The New World
It is said
that the native peoples
of what was to become Virginia
could not see for many days
the anchored ships
when they first appeared off shore,
until their brains learned
how to perceive
what they had never before conceived.
We, on the other hand,
did imagine this plague,
made movies predicting it,
and yet the notion
of a half-a-million dead, and counting,
was and is even now
as the those off-shore mirages were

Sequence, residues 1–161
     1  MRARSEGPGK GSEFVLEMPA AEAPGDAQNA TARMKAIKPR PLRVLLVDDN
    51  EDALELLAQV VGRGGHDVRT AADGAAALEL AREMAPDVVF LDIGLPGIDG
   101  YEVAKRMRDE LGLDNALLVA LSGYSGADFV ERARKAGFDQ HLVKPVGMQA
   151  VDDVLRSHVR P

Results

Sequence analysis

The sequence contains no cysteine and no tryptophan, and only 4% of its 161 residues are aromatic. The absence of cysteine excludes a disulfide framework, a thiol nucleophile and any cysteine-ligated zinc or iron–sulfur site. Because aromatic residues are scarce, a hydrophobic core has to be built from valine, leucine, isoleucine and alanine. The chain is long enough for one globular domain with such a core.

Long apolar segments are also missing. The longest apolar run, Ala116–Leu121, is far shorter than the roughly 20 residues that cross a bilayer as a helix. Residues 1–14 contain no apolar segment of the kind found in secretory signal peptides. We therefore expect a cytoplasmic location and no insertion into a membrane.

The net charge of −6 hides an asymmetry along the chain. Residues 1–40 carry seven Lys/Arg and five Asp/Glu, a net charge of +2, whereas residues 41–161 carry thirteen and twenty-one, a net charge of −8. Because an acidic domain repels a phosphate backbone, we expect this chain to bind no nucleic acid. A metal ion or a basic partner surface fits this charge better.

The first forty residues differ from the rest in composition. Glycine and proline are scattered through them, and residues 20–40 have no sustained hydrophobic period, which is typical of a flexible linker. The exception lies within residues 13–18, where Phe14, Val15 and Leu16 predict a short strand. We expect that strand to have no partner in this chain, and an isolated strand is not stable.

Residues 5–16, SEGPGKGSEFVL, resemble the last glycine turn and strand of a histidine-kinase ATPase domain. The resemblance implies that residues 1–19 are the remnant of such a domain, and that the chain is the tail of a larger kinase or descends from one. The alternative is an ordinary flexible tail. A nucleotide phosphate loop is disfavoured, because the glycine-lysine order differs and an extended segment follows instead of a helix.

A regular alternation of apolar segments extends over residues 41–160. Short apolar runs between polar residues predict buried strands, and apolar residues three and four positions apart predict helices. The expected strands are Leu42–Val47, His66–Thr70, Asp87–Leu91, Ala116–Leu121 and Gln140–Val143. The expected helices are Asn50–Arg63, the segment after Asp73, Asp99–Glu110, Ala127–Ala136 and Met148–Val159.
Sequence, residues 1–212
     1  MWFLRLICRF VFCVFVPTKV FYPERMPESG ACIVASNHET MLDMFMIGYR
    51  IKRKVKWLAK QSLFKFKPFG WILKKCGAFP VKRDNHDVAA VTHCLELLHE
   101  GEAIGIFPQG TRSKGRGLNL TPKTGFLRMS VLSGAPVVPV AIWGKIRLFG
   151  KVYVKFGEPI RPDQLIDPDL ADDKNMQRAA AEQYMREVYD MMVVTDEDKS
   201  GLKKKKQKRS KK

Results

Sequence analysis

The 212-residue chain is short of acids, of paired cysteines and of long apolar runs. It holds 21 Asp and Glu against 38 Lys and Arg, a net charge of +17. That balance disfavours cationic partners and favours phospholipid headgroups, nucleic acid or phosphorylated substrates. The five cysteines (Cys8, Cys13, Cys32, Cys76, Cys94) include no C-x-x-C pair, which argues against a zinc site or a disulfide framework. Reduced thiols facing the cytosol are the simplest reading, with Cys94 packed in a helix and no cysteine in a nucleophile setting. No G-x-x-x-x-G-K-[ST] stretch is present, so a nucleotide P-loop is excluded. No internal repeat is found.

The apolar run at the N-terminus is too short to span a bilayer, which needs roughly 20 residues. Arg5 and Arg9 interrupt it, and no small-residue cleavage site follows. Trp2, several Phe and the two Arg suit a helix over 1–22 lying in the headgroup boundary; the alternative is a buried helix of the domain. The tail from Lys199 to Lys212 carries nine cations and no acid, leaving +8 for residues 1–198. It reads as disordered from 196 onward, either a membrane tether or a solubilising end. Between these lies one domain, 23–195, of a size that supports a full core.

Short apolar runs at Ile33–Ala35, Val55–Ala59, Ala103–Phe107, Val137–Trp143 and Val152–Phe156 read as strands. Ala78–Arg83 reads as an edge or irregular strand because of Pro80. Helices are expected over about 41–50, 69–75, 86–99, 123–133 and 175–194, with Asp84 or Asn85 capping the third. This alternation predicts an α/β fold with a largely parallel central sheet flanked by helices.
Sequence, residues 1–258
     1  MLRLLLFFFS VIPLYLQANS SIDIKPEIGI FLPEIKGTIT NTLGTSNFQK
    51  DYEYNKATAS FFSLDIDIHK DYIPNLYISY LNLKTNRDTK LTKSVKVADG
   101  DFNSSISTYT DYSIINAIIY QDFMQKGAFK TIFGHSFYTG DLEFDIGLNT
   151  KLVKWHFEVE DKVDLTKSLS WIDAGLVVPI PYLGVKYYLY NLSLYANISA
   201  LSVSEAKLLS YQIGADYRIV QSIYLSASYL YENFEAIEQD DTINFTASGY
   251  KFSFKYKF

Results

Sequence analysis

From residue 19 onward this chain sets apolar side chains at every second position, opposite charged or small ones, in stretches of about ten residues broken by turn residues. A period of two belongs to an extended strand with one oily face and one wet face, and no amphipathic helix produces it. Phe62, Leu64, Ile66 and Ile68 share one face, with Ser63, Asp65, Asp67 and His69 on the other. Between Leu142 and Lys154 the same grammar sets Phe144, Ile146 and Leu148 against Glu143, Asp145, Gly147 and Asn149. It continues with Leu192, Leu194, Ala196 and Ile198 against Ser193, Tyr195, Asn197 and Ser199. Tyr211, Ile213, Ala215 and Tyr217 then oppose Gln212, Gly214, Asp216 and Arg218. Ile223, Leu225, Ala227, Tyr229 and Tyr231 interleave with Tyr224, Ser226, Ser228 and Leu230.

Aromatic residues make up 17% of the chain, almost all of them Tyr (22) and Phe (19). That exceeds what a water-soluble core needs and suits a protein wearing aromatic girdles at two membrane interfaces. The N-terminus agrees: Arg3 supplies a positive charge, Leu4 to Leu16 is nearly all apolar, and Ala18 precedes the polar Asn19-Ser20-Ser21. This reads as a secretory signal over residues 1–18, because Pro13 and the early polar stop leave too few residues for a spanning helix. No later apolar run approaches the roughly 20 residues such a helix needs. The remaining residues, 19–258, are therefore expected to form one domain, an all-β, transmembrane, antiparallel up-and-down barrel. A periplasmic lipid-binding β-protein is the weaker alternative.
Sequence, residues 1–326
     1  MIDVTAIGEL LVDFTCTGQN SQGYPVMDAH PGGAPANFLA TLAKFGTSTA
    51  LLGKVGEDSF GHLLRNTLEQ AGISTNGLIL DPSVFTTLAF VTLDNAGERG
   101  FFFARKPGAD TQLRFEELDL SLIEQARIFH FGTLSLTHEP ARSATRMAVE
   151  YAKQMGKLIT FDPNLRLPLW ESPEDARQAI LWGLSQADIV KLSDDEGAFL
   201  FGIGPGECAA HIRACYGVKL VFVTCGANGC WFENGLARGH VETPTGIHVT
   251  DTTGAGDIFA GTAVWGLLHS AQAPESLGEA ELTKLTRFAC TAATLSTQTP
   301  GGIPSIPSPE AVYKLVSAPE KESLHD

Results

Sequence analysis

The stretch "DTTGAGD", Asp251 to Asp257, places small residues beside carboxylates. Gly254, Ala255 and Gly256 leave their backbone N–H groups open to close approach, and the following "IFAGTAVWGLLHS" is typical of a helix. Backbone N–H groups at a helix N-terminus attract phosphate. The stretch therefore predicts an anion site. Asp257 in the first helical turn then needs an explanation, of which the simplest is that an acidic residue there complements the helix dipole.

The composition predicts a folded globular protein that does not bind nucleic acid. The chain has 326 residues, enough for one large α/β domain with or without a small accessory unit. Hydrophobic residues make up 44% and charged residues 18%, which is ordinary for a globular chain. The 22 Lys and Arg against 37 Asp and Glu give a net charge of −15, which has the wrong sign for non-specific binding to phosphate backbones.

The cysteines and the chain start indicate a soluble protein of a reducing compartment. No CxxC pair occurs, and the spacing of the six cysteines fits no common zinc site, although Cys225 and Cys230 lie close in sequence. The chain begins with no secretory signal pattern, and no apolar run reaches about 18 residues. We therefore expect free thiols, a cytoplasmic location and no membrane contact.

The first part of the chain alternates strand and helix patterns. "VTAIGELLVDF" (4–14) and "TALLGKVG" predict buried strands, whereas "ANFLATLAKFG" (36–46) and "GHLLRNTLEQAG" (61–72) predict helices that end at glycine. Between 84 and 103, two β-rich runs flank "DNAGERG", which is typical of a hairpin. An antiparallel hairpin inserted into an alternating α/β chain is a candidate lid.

to the Algonquins in 1607.
My people have been here before, though.
In Manhattan, in 1982,
I went to the first candlelight march
when AIDS-deaths topped 10,000,
and when we got back to the apartment
to see if it made the news,
my friend Paul turned to me and said:
“We’re all going to die.”
He did. I didn’t.
What beset me in the next decades
was more of a dizzied unbalancing,
the disorientation of unexpected survival.
So now in this pandemic place,
I know to expect strange and random thoughts
to show up in my head
like grave markers in a pop-up cemetery.
I look at all the masks
and wonder if when
we finally take them off,
will be have become invisible,
like those ships unseen
And when our lips
I fear we will
how to kiss.